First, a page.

Title 42 U.S.C. Section 1983 only provides a cause of action against state actors. The right to sue federal officials was recognized at common law in Bivens v. Six Unknown Named Agents, 403 U.S. 388 (1971). In recent years, the right to bring Bivens actions has been limited.
In Pollard v. GEO Group, Inc. (CA9) (here) an inmate in a private federal prison filed a lawsuit under Bivens. The catch: GEO Group, Inc. is a private prison. Under normal state action doctrine, that would be an easy issue to resolve. Where a private party performs a traditional state function, or is granted powers ordinarily reserved solely to the state, then the private party acts under color of law. If you or I locked people up in our basements, we'd be charged with kidnapping - even if our prisoners were convicted child molesters. It's thus frivolous to suggest that imprisoning citizens who have been convicted of crimes is not a traditional state function.
Yet Bivens actions are odd ducks. There has been extensive push-back against them. Why?
If you're a realist and scholar of the law, you'd say that federal courts are hostile to constitutional torts generally. If you drink the Federalist Society Flavor-Aid (disclosure: I was chapter president of my law student's Federalist Society), you'd say something about the judiciary limiting its role. That federal courts have abrogated the jury's constitutionally-defined, thus expanding the judicial power in unconstitutional ways, would not be mentioned. Once my brothers and sisters host a panel criticizing heightened pleading in Section 1983 cases, then their arguments about "judicial restraint" will be taken more seriously. See, "Eleventh Circuit's Heightened Pleading Rule Violates Separation Of Powers Principles."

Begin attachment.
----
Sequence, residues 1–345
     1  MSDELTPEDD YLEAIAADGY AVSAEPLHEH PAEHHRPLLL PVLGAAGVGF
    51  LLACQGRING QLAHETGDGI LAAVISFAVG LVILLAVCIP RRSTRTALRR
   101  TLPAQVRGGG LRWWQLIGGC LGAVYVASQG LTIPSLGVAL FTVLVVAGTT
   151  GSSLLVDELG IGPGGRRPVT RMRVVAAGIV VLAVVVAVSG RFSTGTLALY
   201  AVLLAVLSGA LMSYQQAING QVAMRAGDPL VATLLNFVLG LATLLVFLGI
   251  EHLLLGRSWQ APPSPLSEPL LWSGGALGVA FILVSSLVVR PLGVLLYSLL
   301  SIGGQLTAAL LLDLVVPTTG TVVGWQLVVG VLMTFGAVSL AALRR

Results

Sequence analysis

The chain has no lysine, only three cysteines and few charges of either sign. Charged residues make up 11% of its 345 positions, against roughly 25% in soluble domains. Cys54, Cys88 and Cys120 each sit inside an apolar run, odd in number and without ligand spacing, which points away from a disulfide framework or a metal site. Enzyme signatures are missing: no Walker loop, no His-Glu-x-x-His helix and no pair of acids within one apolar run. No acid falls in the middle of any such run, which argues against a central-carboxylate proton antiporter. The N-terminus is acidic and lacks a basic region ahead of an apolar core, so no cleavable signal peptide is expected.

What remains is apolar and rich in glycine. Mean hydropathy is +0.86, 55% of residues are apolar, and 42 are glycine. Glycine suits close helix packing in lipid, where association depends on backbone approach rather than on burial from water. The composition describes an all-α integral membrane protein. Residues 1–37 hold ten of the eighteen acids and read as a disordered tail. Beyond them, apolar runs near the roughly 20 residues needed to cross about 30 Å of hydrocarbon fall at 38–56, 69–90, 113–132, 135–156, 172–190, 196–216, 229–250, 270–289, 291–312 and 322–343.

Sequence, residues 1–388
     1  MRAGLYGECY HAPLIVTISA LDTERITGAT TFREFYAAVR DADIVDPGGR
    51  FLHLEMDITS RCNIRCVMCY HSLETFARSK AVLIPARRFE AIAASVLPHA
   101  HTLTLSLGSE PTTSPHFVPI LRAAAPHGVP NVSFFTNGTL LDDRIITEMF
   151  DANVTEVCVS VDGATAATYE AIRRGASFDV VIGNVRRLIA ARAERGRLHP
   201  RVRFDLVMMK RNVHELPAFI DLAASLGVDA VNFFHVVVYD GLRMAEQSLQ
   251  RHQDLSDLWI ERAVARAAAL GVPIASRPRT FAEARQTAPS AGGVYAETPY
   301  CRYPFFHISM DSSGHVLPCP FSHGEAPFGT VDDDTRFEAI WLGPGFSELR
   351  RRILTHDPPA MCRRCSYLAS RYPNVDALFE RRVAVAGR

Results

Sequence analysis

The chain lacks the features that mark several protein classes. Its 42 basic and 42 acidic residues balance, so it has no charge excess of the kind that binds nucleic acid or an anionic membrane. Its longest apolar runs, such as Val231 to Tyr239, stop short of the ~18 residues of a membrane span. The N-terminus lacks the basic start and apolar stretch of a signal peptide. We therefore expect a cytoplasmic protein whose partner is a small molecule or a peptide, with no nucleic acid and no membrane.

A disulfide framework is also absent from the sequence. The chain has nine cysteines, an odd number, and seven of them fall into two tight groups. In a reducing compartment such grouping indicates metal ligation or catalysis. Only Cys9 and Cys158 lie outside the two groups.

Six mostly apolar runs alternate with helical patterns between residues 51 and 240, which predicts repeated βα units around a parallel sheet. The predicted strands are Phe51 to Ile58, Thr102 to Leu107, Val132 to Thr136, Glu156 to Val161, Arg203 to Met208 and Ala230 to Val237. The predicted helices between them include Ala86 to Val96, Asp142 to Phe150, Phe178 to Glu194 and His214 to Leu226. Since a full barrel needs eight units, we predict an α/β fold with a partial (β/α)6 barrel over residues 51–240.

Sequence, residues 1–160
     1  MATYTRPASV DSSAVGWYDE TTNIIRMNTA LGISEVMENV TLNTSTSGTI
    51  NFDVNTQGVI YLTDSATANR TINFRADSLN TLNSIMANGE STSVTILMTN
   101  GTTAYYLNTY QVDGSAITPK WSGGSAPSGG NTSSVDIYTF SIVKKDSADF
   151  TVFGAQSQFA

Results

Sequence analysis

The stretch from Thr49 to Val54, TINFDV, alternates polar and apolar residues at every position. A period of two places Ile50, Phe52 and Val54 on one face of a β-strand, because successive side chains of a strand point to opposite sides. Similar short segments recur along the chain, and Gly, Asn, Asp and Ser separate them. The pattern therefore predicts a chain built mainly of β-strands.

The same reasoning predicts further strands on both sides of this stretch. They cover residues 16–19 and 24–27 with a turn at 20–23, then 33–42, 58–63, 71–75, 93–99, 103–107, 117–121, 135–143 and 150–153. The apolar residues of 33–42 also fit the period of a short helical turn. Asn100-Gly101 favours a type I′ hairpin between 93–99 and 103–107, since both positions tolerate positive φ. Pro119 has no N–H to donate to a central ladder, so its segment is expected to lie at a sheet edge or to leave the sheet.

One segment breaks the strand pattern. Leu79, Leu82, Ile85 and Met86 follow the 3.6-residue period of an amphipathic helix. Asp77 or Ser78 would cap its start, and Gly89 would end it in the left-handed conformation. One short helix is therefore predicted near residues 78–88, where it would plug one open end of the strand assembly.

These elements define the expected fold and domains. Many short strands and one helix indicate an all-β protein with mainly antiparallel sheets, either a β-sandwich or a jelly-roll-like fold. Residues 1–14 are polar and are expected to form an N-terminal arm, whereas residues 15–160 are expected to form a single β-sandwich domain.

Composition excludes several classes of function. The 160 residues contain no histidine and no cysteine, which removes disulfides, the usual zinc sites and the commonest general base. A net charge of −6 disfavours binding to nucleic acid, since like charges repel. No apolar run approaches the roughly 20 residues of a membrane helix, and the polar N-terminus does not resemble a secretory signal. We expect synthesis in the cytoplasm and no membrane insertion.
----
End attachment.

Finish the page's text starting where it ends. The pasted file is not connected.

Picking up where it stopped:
Anyhow, in Pollard the a split panel of the Ninth Circuit Court of Appeals recognized a Bivens action against a private prison:
In Bivens, the Supreme Court recognized an implied cause of action under the Fourth Amendment for injury caused “by a federal agent acting under color of his authority. . . .” 403 U.S. at 389. It is widely accepted that Bivens provides a cause of action only against an official “acting under color of federal law.” See, e.g., Morgan v. United States, 323 F.3d 776, 780 (9th Cir. 2003) (“Morgan’s Complaint sufficientlysets forth the elements of a Bivens claim by alleginga violation of his constitutional rights by agents acting underthe color of federal law.”). Thus, the threshold question presented here is whether the GEO employees can be considered federal agents acting under color of federal law in their professionalcapacities. We conclude that they can.As Judge Restani notes, this adds to the circuit split on the issue. It's thus very likely that the United States Supreme Court will review this opinion.
Pollard should be a no-brainer. If the private sector wants to perform a function that the government usually performs, then the private sector should be suable under Bivens. Given the Supreme Court's hostility towards Bivens actions, common sense and comment decency will have an uphill climb. See, "Alternative State Remedies in Constitutional Torts" ("In Bivens actions, the Supreme Court has recently implied that constitutional tort plaintiffs must seek relief under state law when it is available, rather than invoke their federal constitutional rights.")
Both congratulations and well-wishes are offered to Professor John F. Preis, plaintiff's counsel and Section 1983 Blog reader.